New York City's Office of Sustainability recently released a report on Greenhouse Gases which found that the City's 950,000 buildings emit nearly 80% of our CO2 emissions. With 20% coming from automobiles and mass transit it is clear that a strategy to reduce these gases will have to include an aggressive campaign to implement sustainable design and development for our region's residential and commercial structures. However, what is even more surprising is the number of buildings with (or should I say without) either green roofs or LEED certification. Out of the 950,000 buildings in New York City only 20-30 currently have green roofs...JB
Image: New York from space. Can you count the green roofs?
April 11, 2007
By Diane Cardwell
Laying the groundwork for a plan to reduce the production of greenhouse gases in the city, the Bloomberg administration released a study yesterday showing that New York’s roughly 950,000 buildings are responsible for a vast majority of the city’s carbon dioxide emissions.
In sharp contrast to the national average of about 32 percent, the city’s buildings are responsible for 79 percent of the greenhouse gases produced by the city and are rising each year, according to the study, conducted by the city’s Office of Long-Term Planning and Sustainability. Transportation systems, including mass transit, cars and trucks, are responsible for most of the remaining 21 percent of the emissions, which are considered a major factor in global warming.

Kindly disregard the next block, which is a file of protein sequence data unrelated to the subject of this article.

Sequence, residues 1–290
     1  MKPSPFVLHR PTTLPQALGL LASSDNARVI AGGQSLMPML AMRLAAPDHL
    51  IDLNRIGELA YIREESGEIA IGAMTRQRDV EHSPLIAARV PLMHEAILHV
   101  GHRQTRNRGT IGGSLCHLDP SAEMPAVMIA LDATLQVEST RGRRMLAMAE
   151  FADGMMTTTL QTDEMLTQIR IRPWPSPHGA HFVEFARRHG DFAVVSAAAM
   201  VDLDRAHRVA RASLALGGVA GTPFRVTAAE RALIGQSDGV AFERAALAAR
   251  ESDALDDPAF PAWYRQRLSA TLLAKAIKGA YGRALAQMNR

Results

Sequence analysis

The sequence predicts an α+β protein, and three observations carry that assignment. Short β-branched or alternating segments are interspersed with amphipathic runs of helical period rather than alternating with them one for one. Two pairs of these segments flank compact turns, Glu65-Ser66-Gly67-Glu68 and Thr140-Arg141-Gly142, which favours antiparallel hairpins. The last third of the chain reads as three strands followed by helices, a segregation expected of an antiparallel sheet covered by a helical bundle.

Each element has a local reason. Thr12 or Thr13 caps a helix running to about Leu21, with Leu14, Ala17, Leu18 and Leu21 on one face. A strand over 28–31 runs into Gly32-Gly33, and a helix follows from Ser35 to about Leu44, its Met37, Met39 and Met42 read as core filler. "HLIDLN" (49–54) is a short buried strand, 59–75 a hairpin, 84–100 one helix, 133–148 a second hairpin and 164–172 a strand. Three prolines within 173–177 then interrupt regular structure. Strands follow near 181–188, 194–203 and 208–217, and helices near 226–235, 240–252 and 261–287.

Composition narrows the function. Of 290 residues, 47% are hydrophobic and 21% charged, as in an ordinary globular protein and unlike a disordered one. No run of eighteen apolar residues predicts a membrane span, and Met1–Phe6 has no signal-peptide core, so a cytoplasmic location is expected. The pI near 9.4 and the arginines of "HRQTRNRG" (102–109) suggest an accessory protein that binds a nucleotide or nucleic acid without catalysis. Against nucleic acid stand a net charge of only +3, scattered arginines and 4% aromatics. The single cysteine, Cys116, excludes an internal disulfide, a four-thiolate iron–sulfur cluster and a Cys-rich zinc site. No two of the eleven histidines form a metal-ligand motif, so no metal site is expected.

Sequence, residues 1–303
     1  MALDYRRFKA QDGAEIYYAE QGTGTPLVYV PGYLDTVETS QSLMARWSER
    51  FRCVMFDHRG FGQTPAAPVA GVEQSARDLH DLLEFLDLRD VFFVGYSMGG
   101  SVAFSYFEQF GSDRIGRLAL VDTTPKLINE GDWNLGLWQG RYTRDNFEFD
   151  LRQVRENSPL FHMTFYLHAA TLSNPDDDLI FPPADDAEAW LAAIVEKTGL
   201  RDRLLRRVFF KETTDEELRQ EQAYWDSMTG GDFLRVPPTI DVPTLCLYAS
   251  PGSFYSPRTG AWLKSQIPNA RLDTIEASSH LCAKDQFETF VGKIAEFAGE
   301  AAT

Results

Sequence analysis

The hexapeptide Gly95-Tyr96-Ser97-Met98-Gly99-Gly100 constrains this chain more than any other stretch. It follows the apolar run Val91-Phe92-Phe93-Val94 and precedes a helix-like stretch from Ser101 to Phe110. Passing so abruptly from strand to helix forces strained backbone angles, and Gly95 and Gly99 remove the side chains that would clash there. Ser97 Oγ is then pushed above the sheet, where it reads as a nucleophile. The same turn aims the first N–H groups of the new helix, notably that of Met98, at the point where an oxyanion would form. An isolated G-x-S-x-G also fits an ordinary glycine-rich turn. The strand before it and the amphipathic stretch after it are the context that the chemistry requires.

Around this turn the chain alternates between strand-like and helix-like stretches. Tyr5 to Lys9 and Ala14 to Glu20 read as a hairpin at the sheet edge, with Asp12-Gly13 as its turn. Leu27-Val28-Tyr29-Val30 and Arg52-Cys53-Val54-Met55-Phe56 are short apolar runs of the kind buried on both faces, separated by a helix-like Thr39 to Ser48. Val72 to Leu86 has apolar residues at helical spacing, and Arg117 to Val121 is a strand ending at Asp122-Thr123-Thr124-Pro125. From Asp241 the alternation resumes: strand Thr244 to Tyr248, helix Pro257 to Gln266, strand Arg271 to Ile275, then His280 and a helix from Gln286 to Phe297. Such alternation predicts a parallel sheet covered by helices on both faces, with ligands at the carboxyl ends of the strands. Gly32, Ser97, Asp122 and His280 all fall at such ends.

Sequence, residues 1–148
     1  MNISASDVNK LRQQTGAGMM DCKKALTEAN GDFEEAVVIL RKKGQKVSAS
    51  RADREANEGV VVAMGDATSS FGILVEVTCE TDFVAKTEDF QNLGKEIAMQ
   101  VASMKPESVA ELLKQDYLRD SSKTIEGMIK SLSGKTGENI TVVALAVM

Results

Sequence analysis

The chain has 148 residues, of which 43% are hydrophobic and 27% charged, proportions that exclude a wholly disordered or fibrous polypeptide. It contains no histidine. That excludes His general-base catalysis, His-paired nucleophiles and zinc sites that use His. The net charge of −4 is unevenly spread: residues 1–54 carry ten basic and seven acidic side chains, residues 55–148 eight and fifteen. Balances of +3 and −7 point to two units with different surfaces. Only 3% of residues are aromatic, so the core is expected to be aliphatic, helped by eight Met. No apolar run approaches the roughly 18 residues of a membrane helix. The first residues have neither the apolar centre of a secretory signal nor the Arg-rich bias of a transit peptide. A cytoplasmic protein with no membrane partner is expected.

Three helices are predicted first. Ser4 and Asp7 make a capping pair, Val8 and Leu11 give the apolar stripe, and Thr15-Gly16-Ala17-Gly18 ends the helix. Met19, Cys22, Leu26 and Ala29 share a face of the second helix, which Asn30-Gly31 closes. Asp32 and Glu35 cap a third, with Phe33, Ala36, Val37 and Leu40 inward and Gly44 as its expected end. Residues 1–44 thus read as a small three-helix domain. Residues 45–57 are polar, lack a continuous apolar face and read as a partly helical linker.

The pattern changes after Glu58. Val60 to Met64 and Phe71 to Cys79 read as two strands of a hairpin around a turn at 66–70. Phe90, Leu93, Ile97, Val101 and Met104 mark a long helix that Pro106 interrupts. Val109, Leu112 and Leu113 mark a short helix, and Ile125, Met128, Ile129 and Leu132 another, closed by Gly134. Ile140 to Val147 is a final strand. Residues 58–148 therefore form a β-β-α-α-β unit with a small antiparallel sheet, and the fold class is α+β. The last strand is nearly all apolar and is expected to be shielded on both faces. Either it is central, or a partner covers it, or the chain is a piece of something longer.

The release of the inventory marked the first concrete step in Mayor Michael R. Bloomberg’s ambitious effort to set the city on a greener path as it plans for the addition of one million residents by 2030. In December, Mr. Bloomberg outlined goals to help guide the city’s growth in a more environmentally sound way, including reducing greenhouse gas emissions by 30 percent.
Greenhouse Gas Inventory Report
NYC's Office of Long-Term Planning and Sustainability
US Green Building Council